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DXER Ham Radio DX News

The latest dx news/current propagation and more. Visit mike's Amateur Radio Page at www.qsl.net/swlham

Friday, June 30, 2017

Today’s Sun (artificially-colored in purple) seen at the...



Today’s Sun (artificially-colored in purple) seen at the 211-angstrom wavelength (Extreme Ultraviolet, or EUV), as viewed by the Solar Dynamics Observatory (SDO), by the Atmospheric Imaging Assembly (AIA).

At this wavelength, at a wavelength not seen by the un-aided eye, we observe this full-disk AIA image through the 21.1 nm (211 A) filter. This Extreme Ultraviolet (EUV) waveband is used to monitor active regions in the solar corona.

The image is a ‘false color image’, meaning that observed data are in a range outside of what human eyes can see, so the data are digitally recast into colors that emphasize physically important features. This view is created from data gathered by the Solar Dynamics Observatory (SDO) satellite that flies above Earth’s atmosphere in an inclined geosynchronous orbit.

Emissions captured in this image come from iron (Fe), a trace element in the solar atmosphere that emits Extreme Ultraviolet (EUV) light when heated to temperatures in excess of one million deg K. In the solar corona the temperatures are so high that most chemical elements have lost many of their electrons. Some of the remaining electrons still attached to the atom emit EUV radiation in narrow wavebands or lines.

The 21.1 nm filter (also called channel or bandpass) is dominated by emissions from highly ionized iron: 13 times ionized (missing 13 electrons) iron–Fe XIV. Other ionization levels of iron also contribute. The roman numeral descriptors are consistent with spectral notation: the level of ionization for a given roman numeral is one unit larger that the actual number of missing electrons. Additionally there may be some contribution from hot thermal plasma when solar flares are present. The temperatures associated with this level of ionization is about 2 x 10^6 K.

The bright regions in this image correspond to regions of closed magnetic field loops that trap the hot, emitting plasma. Large bright regions are often called active regions. The dark regions correspond to cooler temperatures and possibly to locations where magnetic field lines open into the heliosphere, and thus, do not trap hot plasma.

With this image, we can monitore active regions.

View live data and images at http://SunSpotWatch.com

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CSUN's CubeSat Launches from ISS and Contributes to NASA Research:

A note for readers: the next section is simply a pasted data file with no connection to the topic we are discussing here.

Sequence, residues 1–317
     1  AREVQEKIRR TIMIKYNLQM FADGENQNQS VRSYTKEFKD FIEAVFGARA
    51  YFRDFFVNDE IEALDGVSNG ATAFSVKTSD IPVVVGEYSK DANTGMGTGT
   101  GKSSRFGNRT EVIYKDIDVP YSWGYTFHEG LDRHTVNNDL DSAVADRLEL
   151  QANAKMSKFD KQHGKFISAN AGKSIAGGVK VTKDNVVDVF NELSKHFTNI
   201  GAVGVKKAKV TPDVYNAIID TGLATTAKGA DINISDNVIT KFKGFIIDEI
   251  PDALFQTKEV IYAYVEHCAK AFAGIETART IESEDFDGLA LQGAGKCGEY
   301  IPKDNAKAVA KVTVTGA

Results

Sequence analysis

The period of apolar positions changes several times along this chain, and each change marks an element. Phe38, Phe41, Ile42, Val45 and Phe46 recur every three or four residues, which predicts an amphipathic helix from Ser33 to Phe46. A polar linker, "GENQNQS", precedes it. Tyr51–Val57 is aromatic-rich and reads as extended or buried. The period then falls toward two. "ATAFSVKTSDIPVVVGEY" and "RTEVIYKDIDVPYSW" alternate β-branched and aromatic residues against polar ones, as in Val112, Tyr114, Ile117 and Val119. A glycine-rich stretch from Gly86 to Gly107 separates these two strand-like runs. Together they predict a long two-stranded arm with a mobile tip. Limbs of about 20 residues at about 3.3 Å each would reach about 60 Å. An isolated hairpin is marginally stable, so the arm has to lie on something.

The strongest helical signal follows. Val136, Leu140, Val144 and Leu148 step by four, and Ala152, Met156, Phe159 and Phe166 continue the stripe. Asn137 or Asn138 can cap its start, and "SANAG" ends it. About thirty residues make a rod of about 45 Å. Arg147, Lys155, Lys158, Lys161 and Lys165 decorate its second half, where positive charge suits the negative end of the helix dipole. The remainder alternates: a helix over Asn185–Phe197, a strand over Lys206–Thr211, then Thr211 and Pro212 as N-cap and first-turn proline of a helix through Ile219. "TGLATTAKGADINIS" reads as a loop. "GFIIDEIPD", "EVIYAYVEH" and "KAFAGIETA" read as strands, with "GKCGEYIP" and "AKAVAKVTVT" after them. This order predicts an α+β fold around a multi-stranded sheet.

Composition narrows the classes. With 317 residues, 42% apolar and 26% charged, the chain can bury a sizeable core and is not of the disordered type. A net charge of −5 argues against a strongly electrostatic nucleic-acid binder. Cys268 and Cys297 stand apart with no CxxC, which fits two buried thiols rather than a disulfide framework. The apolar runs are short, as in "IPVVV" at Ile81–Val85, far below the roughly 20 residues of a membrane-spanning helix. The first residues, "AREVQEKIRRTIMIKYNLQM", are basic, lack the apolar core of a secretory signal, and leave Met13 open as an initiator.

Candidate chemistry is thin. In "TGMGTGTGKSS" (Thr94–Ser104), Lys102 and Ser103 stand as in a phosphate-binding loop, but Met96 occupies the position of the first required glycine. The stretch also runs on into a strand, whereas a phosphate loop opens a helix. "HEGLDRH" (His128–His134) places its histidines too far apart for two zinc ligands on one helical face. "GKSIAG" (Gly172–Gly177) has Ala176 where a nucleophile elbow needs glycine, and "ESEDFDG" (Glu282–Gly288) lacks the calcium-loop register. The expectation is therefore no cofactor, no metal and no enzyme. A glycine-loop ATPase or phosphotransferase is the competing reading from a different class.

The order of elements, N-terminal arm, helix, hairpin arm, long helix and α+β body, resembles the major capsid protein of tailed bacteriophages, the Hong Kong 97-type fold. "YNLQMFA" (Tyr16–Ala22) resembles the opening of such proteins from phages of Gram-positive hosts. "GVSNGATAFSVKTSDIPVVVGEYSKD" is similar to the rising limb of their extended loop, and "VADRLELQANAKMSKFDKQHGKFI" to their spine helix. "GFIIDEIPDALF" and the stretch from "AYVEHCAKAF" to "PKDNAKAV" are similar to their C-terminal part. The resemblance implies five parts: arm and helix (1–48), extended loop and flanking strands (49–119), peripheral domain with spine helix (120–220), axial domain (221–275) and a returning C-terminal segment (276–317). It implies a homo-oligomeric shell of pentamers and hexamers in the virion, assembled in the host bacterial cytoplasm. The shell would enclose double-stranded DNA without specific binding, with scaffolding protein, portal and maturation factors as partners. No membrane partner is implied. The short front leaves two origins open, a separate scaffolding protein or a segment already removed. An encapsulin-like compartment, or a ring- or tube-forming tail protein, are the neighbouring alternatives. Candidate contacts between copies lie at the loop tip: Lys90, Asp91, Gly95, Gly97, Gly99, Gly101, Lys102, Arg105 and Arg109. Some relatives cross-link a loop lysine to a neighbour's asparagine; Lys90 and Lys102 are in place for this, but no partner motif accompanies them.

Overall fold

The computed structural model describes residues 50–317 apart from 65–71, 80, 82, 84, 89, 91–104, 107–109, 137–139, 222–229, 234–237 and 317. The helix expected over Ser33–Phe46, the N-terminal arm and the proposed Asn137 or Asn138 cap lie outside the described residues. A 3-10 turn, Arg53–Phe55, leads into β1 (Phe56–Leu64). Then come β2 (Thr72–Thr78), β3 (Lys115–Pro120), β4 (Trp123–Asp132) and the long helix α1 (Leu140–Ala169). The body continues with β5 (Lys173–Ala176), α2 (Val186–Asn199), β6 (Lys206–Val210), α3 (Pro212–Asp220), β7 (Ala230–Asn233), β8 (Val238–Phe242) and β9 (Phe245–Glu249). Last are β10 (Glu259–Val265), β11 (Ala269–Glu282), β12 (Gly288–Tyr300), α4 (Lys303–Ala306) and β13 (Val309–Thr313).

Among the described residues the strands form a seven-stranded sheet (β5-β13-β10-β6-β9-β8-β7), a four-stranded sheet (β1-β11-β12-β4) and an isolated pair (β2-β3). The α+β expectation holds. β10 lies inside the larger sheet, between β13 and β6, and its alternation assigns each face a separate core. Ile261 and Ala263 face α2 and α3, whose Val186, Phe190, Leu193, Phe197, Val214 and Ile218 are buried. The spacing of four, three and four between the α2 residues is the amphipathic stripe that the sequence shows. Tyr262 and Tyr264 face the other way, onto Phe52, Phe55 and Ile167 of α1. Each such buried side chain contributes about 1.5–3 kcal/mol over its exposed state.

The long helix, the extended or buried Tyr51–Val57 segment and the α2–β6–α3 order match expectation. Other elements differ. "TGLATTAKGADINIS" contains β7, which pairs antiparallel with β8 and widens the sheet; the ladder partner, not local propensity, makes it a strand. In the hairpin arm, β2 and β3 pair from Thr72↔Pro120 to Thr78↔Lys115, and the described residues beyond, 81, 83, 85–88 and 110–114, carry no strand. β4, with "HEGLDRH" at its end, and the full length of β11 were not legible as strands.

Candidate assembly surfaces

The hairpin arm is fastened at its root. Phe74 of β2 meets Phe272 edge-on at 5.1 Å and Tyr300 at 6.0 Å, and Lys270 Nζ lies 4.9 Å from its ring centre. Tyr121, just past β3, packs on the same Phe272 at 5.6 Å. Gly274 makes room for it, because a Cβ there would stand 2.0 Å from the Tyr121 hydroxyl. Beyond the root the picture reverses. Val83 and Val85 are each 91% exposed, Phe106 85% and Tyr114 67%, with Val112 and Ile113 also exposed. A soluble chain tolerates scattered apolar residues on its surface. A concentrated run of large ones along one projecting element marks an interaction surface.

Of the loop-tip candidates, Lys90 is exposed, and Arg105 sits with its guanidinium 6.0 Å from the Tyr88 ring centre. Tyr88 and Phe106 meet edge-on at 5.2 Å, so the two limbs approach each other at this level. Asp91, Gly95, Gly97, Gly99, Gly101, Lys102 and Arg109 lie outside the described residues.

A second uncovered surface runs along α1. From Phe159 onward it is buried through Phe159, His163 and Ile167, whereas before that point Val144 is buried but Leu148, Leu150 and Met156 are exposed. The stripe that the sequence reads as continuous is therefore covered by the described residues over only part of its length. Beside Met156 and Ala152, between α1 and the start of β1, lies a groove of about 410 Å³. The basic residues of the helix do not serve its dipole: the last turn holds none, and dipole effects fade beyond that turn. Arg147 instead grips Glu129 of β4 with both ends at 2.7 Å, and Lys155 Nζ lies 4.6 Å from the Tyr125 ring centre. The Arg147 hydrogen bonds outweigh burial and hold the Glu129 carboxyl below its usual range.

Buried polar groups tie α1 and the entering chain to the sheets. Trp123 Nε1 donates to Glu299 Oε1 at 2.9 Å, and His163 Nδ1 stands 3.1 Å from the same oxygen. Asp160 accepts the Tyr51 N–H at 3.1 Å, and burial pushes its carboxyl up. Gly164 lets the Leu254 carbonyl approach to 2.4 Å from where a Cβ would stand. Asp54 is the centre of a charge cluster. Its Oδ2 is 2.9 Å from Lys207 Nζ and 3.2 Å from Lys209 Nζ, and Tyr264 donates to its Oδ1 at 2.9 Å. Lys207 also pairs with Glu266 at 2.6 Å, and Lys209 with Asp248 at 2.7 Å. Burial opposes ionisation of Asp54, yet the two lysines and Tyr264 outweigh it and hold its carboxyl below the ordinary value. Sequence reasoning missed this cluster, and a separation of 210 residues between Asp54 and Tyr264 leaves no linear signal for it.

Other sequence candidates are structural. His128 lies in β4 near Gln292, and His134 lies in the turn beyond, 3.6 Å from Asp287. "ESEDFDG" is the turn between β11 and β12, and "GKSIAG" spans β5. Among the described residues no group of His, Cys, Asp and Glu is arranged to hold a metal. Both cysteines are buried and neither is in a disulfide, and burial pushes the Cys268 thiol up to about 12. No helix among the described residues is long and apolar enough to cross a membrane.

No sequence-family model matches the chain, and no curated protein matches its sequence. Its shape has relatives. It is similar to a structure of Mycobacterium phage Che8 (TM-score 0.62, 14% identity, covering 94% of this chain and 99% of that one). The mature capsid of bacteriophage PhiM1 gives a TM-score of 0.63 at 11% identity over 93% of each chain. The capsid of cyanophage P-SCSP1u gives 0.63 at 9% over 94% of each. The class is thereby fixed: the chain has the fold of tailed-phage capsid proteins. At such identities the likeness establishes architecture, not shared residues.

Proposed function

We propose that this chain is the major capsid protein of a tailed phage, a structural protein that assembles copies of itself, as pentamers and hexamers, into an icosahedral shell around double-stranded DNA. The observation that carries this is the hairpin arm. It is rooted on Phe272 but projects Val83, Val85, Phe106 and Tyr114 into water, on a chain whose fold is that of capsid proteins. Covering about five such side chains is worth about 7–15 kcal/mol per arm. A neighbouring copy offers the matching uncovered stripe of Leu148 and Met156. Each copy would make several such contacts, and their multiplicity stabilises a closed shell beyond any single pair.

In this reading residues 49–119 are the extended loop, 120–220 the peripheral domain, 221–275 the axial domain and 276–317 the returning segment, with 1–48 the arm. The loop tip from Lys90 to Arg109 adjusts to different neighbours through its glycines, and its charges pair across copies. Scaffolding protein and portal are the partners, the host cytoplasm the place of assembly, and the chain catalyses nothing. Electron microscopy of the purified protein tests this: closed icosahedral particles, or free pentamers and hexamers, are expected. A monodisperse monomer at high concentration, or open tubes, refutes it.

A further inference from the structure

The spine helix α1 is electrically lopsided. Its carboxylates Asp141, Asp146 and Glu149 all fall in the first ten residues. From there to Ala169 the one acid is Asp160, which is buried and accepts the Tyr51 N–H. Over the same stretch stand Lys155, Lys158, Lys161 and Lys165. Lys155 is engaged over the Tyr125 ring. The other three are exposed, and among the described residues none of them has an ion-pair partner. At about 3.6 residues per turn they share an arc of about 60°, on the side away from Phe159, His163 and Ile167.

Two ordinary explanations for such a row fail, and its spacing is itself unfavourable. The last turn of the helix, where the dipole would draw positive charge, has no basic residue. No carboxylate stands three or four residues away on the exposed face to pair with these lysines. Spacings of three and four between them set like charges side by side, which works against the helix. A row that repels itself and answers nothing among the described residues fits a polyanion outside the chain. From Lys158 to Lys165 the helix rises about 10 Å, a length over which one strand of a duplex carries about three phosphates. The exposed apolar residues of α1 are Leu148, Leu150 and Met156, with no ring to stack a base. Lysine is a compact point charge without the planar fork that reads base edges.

Many CubeSats are like prodigal children when launched from the International Space Station into Earth's orbit: The miniature satellites leave home and are never heard from again. Not CSUNSat1. This mini satellite has performed like a dutiful child this summer, calling home at least twice a day to California State University, Northridge and doing all of its homework. After months of preparation and waiting, on April 18, electrical and computer engineering professors Sharlene Katz and James Flynn and their students cheered with relief as NASA launched CSUNSat1, the university's first stellar explorer, to the International Space Station (ISS). The cube-shaped satellite is about the size of a shoebox and launched from Kennedy Space Center in Cape Canaveral, Fla., aboard the OA-7 Cygnus spacecraft SS John Glenn, propelled by an Atlas V rocket. It took four days to reach the space station, where astronauts unloaded and prepared the satellite and other payload for deployment. In mid-May, Katz and Flynn got word that NASA was ready to launch CSUNSat1 into orbit to start its mission. Then on May 18, the ISS crew deployed the mini satellite into low Earth orbit. Once it had safely cleared the massive space station, CSUNSat1 was allowed to power up and begin its mission operations and experiments. Later that night, the satellite made its first pass over the CSUN ground station, designed and built from scratch (like the CubeSat itself) in the corner of an electrical engineering lab in Jacaranda Hall. It was a tense and historic moment for CSUN. Katz and Flynn waited quietly in the ground station with several of the more than 70 students who have worked for four years to bring this project to life -- and to orbit. The device was designed in partnership with NASA's Jet Propulsion Laboratory (JPL) in Pasadena to test the effectiveness of JPL's energy storage system to help explore deep space in extremely cold temperatures. At 11:21 p.m., CSUNSat1 came up over the horizon, within range of the large, custom-built antenna on the roof of Jacaranda Hall. Katz, Flynn and their students and alumni held their breath. Then, they heard it: the first contact from the beacon, the long and short tones of International Morse Code. In addition to programming it to send data back to CSUN, the engineering team had built the satellite to broadcast its status every three minutes as it circles Earth, using Morse Code. "It is unfortunate that many CubeSats go up there, and they're never heard from. You can imagine how those students and researchers must feel," Flynn said. "It's like sending your child into the world, and it doesn't write home. You never know what happened to it. [When I heard the beacon], I felt like eight tons was off my shoulders. I was elated." "It [broadcasts] a letter B at the beginning of the beacon that tells us the experiment is ready to be run," added Katz, who noted that she and Flynn chose old-school Morse Code for the stellar traveler because it works when computerized data fails -- and because both professors happen to be fluent in Morse Code, thanks to a passion for ham radio in their teen years.